Grants to Address Structural Racism

In our conversations with diverse members in our community, we heard that an important part of healing was to provide opportunities to take action. People wanted funds available to advance work that addresses the deeper, more structural causes of exclusion and marginalization. Many people acknowledged that our community does not work the same for everyone and we have an important opportunity to take steps toward a more equitable community. To that end, the Heal Charlottesville Fund held a grant round to solicit proposals in three areas of work:

  1. Increasing Diversity and Inclusion in Community Processes and Decision-Making
  2. Advancing Racial Equity
  3. Increasing Education, Awareness and History-Telling

The applications were reviewed by a nine-person committee comprised of community leaders, educators, and entrepreneurs. The committee made recommendations to the Foundation's Governing Board. Meet the Review Committee here.

Grant Recipients

The outpouring of generosity from our region, the University of Virginia alumni community, and individuals and businesses across the globe has enabled the Heal Charlottesville and Concert for Charlottesville funds to support 42 community initiatives. Together with an anonymous donor, these funds have provided support for the following:

Increasing Diversity and Inclusion in Community Processes and Decision-making

  • African American Teaching Fellows: to increase the number of diverse teachers in the Charlottesville and Albemarle school systems
  • Creciendo Juntos: to support leadership development of Latinx residents
  • Eboni Bugg: to provide equity workshops and trainings for nonprofits and government groups
  • New Hill Development Association: to engage the Black community in planning for a micro-economy
  • Public Housing Association of Residents: to promote the voices of public-housing residents and support leadership development
  • Spread the Vote Piedmont: to expand voter access services

Advancing Racial Equity

  • Adorn Natural Hair & Beauty Studio: to expand natural hair care offerings for Black women
  • Albemarle Housing Improvement Program: to provide rehab services to minority homeowners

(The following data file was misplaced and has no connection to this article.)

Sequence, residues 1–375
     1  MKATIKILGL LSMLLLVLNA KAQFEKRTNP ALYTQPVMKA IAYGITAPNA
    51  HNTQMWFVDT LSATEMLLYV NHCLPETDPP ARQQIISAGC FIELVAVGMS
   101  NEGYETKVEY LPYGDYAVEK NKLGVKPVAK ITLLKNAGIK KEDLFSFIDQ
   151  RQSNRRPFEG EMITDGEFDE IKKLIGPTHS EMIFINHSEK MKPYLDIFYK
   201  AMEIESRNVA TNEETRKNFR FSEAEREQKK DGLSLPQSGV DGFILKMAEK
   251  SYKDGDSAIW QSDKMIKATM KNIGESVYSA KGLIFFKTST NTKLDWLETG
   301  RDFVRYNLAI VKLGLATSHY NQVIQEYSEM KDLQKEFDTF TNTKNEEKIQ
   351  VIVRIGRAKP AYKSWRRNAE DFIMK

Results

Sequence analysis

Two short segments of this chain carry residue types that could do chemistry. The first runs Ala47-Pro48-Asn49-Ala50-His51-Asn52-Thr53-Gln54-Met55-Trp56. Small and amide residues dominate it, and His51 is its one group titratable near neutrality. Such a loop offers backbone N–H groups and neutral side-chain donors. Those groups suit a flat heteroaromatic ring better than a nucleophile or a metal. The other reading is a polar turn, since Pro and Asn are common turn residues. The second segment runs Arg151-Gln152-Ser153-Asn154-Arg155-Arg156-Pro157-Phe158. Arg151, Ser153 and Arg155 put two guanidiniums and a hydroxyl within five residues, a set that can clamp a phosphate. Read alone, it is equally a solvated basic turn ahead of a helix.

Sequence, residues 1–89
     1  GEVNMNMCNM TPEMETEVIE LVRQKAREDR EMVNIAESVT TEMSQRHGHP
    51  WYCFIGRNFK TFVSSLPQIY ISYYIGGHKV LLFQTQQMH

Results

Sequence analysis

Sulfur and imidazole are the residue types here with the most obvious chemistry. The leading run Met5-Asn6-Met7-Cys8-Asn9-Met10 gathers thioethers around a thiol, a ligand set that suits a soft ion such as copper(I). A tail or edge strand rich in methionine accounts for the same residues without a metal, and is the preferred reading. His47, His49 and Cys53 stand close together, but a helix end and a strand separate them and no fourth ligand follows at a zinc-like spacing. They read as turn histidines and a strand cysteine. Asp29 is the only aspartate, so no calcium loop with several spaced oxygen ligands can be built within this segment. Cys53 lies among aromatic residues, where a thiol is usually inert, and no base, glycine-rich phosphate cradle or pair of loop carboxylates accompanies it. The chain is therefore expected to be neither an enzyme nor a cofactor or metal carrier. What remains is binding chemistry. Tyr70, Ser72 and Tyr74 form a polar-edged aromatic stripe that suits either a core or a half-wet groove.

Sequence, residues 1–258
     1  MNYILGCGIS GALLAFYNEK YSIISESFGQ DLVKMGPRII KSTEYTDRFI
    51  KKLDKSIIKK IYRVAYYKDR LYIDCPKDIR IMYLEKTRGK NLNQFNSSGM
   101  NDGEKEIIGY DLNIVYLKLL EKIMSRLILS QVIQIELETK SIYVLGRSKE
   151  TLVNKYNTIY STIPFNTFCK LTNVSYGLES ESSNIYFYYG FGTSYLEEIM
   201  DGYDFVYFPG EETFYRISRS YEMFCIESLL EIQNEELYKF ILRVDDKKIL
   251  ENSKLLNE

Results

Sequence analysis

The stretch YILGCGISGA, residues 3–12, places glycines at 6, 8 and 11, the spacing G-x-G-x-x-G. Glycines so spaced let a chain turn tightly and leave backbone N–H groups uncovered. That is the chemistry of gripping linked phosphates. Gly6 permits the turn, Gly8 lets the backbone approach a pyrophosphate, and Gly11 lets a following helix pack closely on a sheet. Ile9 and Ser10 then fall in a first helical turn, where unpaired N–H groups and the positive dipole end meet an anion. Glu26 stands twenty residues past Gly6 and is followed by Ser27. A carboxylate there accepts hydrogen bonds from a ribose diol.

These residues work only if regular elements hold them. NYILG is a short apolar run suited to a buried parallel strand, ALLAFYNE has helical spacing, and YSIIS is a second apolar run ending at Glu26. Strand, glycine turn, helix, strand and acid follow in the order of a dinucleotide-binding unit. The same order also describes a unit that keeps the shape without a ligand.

• Beyond Fitness with Sabrina: to expand health and wellness programming for Black youth, women, and working families
  • Black Business Expo/WTJU: to feature and promote Black-owned businesses
  • Brave Souls on Fire: to provide culturally appropriate mental health support
  • Central Virginia Clinicians of Color Network: to support a collective of therapists of color
  • City of Promise: to expand economic opportunities for low-income adults
  • Charlottesville Community Resilience Fund: to support community members navigating the criminal justice system
  • Charlottesville Food Justice Network: to increase equitable access to food
  • Community Roots Co-op: to provide culturally appropriate educational opportunities for minority students
  • Cordell Fortune: to promote Black-owned businesses
  • Culinary Concepts AB: to support a youth development program in the culinary arts
  • Fifeville Neighborhood Association: to develop neighborhood green spaces
  • Fountain Fund: to provide low interest micro-loans to returning citizens
  • Heritage United Builders: to support economic opportunities in the construction industry
  • Lending Hands: to provide reentry services to returning citizens in the Charlottesville area
  • Prende Pants: to bring awareness to racial disparities in birth outcomes
  • Resilience Education: to develop a web-based platform that connects returning citizens with people and resources
  • Sin Barreras: to connect Latinx residents to community resources

Increasing Education, Awareness, and History-Telling

  • B. F. Yancey Transition Advisory Committee: to tell the story of enslaved people in southern Albemarle County
  • Carter G. Woodson Institute for African-American and African Studies/Citizen Justice Initiative at the University of Virginia: to support a storytelling project entitled "If These Walls Could Talk: Bringing Community Policing Narratives to Life"
  • Ézé Amos: to highlight the experiences of the residents of the Vinegar Hill neighborhood that was destroyed during urban renewal
  • First Baptist Church: to support a historic landmark and community programs
  • Jefferson School African American Heritage Center: to support the 1966 Project to share stories of desegregation
  • Jefferson School African American Heritage Center/ Pilgrimage to Equal Justice Initiative: to memorialize John Henry James’ lynching in Charlottesville and support the July 2018 Community Civil Rights Pilgrimage to Montgomery, Alabama
  • Jordy Yager: to map the racially restrictive housing deeds throughout the City of Charlottesville
  • JuJu Seeds Media: to write, publish, and distribute children’s books about families of color
  • Kibiriti Majuto: to support the Unveil Cville gathering
  • The Love No Ego Foundation: to provide education about structural racism and its impacts
  • Maupintown Media: to produce the documentary film 3rd Street about the formally segregated 3rd Street box office at Charlottesville’s Paramount Theater
  • Ms. Tessa Community Care and Consulting: to provide workshops, classes, meetings, and social events for children of color to encourage positive self-image and self-confidence
  • One Shared Story: to assist people researching their African American genealogy
  • Sin Barreras: to share the history of migration in the United State since the 1950s and the current legal structure of immigration
  • Starseed Publishing: to develop children’s picture books of families of color
  • Trinity Episcopal Church: to provide a series of workshops to engage residents about local Black history
  • Vivian M. Feggans: to support a reading and writing retreat for Black women

Please Note: Italicized grant recipients will receive funding via the Community Investment Collaborative